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Low-Level Drug Offenders Find New Source of Addiction Help

April 11, 2016
The Associated Press

"Albany's efforts and others have been based on a highly touted Seattle program called Law Enforcement Assisted Diversion, or LEAD. Launched in 2011, it aims to keep people out of prison by focusing on those who use a disproportionate share of public resources by repeatedly getting arrested or seeking care at emergency rooms.

Instead of booking those addicts or prostitutes into jail, police contact program employees, who meet with the offenders and try to enlist them in social services. That can mean getting them a pair of shoes or a bus pass to help keep appointments; buying them groceries until they obtain food stamps; providing short-term housing or even paying for yoga, art supplies, utility bills or college classes — whatever the person needs.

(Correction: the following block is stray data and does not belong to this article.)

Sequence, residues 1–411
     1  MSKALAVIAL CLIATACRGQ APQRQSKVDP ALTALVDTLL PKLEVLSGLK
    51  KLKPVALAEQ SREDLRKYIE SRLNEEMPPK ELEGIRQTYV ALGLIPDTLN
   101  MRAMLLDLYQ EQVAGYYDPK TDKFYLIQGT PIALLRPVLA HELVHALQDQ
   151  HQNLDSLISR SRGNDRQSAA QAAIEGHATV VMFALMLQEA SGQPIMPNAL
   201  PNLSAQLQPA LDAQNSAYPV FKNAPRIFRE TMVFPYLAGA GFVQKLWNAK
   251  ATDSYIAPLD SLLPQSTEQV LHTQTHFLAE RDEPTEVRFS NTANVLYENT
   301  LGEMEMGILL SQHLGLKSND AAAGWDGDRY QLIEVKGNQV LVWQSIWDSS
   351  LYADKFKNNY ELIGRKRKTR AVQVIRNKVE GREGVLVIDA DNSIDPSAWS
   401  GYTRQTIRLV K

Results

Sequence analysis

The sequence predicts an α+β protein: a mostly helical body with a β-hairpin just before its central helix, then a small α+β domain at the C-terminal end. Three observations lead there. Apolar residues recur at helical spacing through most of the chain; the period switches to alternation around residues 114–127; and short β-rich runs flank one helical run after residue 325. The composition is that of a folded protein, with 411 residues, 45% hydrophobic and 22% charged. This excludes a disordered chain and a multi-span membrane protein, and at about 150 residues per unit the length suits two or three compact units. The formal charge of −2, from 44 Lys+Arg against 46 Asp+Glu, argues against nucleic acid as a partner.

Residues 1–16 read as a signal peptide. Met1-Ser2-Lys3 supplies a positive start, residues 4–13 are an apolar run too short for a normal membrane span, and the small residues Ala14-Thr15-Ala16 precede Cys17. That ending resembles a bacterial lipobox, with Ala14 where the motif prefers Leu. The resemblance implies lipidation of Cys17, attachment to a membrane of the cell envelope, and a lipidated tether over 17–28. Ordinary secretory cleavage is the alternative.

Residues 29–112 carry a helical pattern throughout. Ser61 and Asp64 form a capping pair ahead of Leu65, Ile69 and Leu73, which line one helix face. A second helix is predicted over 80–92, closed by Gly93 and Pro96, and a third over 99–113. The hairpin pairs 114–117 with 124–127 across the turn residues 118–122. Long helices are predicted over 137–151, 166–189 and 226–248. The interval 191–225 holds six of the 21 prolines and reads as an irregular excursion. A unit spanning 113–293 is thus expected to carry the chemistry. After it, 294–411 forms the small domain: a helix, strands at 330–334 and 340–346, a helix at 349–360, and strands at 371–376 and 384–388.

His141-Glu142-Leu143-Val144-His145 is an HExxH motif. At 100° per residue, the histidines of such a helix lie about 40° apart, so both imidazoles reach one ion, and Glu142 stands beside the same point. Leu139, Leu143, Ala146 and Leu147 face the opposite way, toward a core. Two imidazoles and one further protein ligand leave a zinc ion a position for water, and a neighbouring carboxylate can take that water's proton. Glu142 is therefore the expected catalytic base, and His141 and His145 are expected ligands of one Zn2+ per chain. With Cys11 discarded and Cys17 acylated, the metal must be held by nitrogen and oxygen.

Unlike in drug courts, participants are not kicked out or threatened with jail time if they relapse."

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